When I was 5 years old, I decided that what I wanted to do with my life is become a pro soccer player. For the next 10 years, until I turned 15, I’d try and do everything to work my way towards that. At age 10 I’d train 5 times a week and use the weekends to play more with my friends. At age 14 I’d train 8 times a week and there was basically nothing else in my life that mattered as much as playing soccer.
As unbiased as I can be, although my ambition was high, I’d say my skills were mediocre, which made me ultimately stop trying to become a pro, after struggling with an injury for a while. Much later I learnt that skill is only one part of doing what you love to do well, and there may have been ways to succeed with my dream at the time in my own unique way. I still believe that quitting trying to play soccer professionally was the right thing to do.
Out of all the time playing soccer, there was one lesson that I learnt from it, that had such a profound impact on my life, that I wanted to share.
The idea of training
In high school, and later on in the short time I lasted in College, I saw an interesting way that people studied for their exams. It seemed a lot more efficient than my method. Students would study almost nothing throughout a long period of time, and then, a given number of weeks or days before an exam, would memorize and cram as much knowledge into their brains as possible.
This was surprisingly effective, a lot of my friends using this technique would get incredibly high marks. The education system itself – one that tests knowledge at set intervals – also seemed to lend itself very well for this.
Somehow, I could never do this. From my experience of playing soccer, I had learnt, over exactly 1 decade, that there was only one way to do well at the “exam”, in this case, the “game”. And that way was to train. Training meant to do much of the same movements, techniques and exercises over and over again, until they would become effortless and intuitive. Then in a game situation, you could use all that built up energy and skill to your advantage. Oftentimes, the person that trained most intelligently and consistently for an extended period of time would perform the best.
Finding joy in doing the same thing over and over again
The one example that most people can relate to I’ve found is video games. In almost every video game, you are largely doing the same thing over and over again until you get better. Whether that’s a driving game, a shooting game or anything similar. In small increments you improve your movements until you are comfortably able to master each level. Whenever we do this, we are essentially training, and most of us that have ever played a video game know that it’s very enjoyable.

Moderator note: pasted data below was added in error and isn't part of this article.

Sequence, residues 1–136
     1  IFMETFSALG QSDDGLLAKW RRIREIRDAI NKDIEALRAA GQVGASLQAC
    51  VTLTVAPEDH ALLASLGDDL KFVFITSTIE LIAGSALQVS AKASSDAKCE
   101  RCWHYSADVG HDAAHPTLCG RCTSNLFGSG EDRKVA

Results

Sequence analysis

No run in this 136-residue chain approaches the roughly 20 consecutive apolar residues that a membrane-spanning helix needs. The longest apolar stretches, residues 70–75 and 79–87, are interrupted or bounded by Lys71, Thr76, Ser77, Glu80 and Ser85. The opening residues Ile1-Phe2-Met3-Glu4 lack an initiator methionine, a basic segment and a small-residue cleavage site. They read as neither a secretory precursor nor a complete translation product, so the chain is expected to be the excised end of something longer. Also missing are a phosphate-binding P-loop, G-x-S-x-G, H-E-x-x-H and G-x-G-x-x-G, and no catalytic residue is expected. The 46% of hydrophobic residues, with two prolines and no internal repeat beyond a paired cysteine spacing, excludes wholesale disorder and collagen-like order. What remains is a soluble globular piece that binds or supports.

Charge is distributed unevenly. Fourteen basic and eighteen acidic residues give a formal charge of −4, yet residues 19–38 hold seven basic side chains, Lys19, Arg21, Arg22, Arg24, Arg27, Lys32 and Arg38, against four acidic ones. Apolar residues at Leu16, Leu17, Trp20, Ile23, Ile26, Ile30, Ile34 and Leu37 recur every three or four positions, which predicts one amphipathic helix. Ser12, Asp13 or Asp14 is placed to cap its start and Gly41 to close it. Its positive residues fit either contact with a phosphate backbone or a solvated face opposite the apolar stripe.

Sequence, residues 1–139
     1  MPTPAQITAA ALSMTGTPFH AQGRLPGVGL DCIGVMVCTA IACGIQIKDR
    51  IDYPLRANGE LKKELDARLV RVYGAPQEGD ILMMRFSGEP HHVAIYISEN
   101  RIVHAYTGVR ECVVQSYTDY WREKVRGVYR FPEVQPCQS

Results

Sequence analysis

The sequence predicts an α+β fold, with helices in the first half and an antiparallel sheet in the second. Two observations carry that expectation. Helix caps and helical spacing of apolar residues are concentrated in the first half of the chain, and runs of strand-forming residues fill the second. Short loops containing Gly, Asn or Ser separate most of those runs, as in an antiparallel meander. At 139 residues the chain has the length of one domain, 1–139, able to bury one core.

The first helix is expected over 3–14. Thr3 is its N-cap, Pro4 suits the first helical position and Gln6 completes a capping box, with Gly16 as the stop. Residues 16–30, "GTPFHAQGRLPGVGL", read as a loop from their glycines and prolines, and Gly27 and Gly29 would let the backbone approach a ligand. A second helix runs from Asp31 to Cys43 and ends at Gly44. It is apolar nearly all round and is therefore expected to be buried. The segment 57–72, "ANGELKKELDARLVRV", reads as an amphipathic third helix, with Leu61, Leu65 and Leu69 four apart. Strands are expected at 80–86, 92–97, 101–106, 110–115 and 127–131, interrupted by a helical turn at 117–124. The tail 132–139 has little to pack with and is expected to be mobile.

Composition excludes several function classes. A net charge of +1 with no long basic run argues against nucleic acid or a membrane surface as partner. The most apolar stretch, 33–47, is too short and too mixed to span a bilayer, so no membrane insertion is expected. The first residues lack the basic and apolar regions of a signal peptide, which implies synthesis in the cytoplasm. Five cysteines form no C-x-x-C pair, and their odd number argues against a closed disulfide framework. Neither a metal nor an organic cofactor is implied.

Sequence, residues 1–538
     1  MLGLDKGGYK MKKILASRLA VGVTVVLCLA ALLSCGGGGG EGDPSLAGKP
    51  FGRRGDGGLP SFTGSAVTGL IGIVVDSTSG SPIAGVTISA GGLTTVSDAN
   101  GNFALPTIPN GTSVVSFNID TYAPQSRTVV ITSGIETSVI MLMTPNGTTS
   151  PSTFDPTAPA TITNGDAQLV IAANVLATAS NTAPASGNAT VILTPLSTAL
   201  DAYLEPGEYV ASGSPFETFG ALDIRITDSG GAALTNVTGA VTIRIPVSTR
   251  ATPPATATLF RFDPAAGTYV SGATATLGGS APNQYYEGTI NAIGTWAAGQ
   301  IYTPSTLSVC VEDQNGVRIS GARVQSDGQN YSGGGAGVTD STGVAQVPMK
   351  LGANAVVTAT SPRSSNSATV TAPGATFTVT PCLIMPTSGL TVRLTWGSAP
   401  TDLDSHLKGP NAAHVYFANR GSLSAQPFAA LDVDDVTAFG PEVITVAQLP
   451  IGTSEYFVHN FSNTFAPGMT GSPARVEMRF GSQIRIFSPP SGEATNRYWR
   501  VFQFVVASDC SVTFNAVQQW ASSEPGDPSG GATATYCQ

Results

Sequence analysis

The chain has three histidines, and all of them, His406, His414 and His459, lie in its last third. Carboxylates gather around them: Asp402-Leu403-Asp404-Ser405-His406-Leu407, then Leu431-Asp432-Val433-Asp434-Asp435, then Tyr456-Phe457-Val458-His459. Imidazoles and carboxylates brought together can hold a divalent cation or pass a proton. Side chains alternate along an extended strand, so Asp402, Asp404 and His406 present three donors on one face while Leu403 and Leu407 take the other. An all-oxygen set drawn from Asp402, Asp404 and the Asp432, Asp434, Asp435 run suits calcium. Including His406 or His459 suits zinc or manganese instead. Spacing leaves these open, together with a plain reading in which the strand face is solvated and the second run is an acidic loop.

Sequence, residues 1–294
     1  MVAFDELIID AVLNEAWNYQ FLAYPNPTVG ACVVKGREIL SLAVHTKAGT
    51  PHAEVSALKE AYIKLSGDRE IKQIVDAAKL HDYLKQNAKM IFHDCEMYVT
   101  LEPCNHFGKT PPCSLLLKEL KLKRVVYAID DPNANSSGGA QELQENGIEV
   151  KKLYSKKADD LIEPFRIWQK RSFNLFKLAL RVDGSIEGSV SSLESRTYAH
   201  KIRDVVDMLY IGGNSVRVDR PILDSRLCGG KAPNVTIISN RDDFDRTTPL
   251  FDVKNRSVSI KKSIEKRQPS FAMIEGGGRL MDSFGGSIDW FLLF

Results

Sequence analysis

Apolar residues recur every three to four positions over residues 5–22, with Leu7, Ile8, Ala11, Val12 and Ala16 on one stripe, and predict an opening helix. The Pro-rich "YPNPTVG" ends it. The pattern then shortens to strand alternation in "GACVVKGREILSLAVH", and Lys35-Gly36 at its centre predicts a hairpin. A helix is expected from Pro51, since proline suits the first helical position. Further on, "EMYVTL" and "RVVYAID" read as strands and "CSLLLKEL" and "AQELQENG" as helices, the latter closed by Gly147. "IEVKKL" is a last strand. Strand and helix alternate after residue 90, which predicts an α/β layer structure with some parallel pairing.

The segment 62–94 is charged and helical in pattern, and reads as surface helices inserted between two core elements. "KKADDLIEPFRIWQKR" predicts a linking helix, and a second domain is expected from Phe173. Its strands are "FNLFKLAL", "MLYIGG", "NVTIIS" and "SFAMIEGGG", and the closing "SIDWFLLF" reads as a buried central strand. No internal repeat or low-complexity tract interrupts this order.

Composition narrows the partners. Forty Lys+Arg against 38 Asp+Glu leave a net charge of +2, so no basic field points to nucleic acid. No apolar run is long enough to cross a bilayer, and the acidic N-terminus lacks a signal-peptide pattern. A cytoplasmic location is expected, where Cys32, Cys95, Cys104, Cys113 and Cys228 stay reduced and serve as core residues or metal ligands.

In fact, some of the best entrepreneurs and programmers often have a deep background in online gaming, before they embark on their first startup journey. I think it’s no surprise that often after we’ve learned that doing the same thing over and over again can we become truly successful. Ira Glass put this really well:
“The most important, possible thing you could do is to do a lot of work. Do a huge volume of work. Because it’s only by actually going through a volume of work that you are actually going to catch up and close that gap.”
Falling in love with the way instead of the destination
As a lot of people set goals for the new year to come and I think there are a lot of good things that come with that. For myself, I’m more excited than ever to explore a way of life that ignores goals as much as possible.
At the core, I think that goals for me obscure the focus on the way. The block my view on the individual steps that we need to take to get somewhere. I’m instead trying to setup simple habits that help me to keep making steps. It seems very likely to me that that is going to get me somewhere and to a place that I greatly enjoy being at.
Interestingly, finding something that we truly enjoy doing over and over again isn’t hard. Almost every person I meet already has at least one activity where this holds true. What seems to be much harder is to decide to make that activity our life’s work, and to allow ourselves to focus on it that much, even though it doesn’t feel like “work”. That’s probably where we can make our best contribution to the world.
I’d love to chat with you about this on Twitter:
I tried to be a pro soccer player for 10 years, this was my biggest lesson: “Sports, video games and success” http://t.co/L4fU9dkv2x
— Leo Widrich (@LeoWid) December 31, 2014